A novel with deep, dark secrets.
IS Wally Lamb’s We Are Water the definitive post-racial, post-9/11 American novel?
Its premise sounds simple enough: Annie Oh, artist and divorced mother of three, is about to marry Viveca, the woman who helped further her career as an artist.
Her decision shakes up her family a bit, not least because Annie was already seeing Viveca while her marriage was on the rocks and her son, a born-again Christian and army nurse, objects to his mother’s same-sex marriage.
Not to worry, we will get more than just Annie’s family trying to adjust to their mother’s new direction in life and getting along with the new (mum?)in-law.
Besides Annie, her children and her ex-husband Orion (what’s with that name?), the numerous narrators in the novel include an elderly art curator and several other characters from Annie and Orion’s pasts.
A seemingly unrelated interview with said curator and his tale of the mysterious death of a black artist – the type whose genius only surfaces decades later – leads to Annie’s introduction and the art she produces.
As the story progresses, we get hints of something terrible that happened during Annie’s childhood that might have fuelled her “angry art” and have repercussions for her family and the day of the marriage.
We get an idea that Annie’s is not a typical American family. Originally a red-headed lass with Irish roots, she’d married Orion who is of Italian-Chinese descent. By the time she meets the Greek lady Viveca, her children are already grown up. Besides her army-nurse son, Annie has two daughters: one’s an earth-mother type and the other is young, hip and dreams of Hollywood stardom.
But this portrait of the new post-racial American family is not quite all hunky-dory, either. Under the glittering surface of the Ohs’ facade lie murky depths where secrets lurk. All of them have something to hide from the world and each other, but perhaps nothing as dark as what Annie had tucked away in her memories.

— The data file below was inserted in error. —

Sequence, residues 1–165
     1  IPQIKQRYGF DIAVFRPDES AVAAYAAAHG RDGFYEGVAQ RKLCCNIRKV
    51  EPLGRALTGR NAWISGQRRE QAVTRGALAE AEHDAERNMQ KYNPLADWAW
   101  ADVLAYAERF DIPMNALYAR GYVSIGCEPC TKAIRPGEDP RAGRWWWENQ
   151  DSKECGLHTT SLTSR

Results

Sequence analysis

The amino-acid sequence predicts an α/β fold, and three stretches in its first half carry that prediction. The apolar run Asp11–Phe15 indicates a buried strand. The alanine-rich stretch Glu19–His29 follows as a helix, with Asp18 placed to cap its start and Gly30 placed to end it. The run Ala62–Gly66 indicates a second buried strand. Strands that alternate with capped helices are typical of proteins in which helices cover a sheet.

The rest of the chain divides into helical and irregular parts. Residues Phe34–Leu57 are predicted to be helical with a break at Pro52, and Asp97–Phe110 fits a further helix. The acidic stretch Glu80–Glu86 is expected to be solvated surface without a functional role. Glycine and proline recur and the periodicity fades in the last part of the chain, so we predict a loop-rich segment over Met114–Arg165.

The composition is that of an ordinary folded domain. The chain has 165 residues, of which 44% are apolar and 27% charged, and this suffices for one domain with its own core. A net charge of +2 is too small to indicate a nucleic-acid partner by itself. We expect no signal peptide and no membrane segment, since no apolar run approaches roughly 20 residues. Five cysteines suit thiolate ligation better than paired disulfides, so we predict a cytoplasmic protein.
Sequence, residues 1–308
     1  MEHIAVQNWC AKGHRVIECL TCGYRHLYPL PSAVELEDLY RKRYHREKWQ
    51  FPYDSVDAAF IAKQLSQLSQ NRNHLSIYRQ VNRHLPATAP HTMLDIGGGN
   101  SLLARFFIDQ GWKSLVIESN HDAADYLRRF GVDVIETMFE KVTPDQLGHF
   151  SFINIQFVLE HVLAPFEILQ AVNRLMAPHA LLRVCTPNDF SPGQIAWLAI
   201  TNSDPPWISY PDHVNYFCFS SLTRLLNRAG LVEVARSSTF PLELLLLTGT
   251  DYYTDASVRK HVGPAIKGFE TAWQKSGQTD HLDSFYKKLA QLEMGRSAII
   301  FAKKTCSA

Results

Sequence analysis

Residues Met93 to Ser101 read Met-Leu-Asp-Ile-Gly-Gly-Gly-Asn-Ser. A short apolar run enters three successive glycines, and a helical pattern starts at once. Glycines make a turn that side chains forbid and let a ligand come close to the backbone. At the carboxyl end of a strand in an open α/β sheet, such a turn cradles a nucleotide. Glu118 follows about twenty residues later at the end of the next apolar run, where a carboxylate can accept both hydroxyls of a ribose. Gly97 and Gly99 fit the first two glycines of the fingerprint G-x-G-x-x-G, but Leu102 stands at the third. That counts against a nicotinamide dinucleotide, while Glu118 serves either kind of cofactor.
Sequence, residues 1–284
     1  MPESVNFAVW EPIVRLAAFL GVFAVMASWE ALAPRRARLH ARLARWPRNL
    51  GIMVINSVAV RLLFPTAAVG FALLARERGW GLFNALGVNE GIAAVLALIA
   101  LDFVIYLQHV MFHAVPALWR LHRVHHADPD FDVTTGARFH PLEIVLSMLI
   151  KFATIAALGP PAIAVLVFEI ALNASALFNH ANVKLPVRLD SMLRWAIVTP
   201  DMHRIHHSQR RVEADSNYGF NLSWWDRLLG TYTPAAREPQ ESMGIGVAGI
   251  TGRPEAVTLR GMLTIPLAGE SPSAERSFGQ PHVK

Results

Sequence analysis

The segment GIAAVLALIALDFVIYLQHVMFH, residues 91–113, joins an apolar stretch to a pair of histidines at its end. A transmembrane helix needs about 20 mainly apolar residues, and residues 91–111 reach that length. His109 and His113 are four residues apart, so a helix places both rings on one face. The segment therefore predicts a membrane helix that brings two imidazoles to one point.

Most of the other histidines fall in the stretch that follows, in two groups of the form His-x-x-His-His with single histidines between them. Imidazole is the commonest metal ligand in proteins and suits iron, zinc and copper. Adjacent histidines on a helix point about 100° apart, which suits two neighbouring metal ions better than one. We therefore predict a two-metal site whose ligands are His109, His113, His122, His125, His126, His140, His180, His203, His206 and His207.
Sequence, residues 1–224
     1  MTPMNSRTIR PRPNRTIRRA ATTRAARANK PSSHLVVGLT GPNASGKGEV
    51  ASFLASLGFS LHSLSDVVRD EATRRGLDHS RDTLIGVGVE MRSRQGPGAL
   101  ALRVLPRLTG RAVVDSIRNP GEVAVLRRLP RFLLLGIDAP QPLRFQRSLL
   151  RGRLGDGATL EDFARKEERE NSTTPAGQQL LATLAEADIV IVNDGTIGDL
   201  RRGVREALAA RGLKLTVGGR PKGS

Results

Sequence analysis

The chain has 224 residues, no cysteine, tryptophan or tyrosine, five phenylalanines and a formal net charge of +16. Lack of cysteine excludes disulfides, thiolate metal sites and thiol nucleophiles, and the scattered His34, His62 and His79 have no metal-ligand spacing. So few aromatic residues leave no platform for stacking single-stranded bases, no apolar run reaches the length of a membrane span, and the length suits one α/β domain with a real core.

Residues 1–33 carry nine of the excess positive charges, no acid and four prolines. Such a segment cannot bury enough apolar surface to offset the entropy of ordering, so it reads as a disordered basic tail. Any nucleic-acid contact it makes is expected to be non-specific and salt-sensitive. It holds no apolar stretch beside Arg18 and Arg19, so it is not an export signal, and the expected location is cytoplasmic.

One complaint is that the pace at which the long story of this family (over 500 pages) unfolds is painfully slow. While much of the backstory is meant to give the characters more depth and character, I found a lot of it as enlightening as white noise.
The again, I generally follow the news and goings-on in the United States more than of what goes on at home, so a lot of it sounds all too familiar.
With regards to the Ohs’ first-person narration: the tone is mostly ranty and whining. We have details that add meat to the characters, their ways of thinking, and motivations, fears and hopes, but half the time they just seem to be venting. It’s like reading a blog by a dysfunctional family.
At some point, their troubles and secrets no longer matter, as this reader, bogged down by fatigue, started skimming in haste towards the ending – which, I suppose, bears the promise that, no matter how difficult the past and present, there’s always light at the end of the tunnel. And family will always be family.
I’m not particularly impressed by this novel; reading it was like a rough tumble in a white-water raft. However, those with a penchant for novels that plumb deep, dark family secrets will find Lamb’s turbulent, turbid waters a satisfactory, if challenging, dip.